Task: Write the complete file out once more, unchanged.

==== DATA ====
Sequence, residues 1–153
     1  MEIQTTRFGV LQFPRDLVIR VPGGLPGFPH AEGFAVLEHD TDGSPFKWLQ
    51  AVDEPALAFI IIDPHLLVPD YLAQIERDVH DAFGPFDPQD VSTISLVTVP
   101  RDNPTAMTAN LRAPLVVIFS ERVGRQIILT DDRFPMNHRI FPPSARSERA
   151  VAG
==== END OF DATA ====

Sequence, residues 1–153
     1  MEIQTTRFGV LQFPRDLVIR VPGGLPGFPH AEGFAVLEHD TDGSPFKWLQ
    51  AVDEPALAFI IIDPHLLVPD YLAQIERDVH DAFGPFDPQD VSTISLVTVP
   101  RDNPTAMTAN LRAPLVVIFS ERVGRQIILT DDRFPMNHRI FPPSARSERA
   151  VAG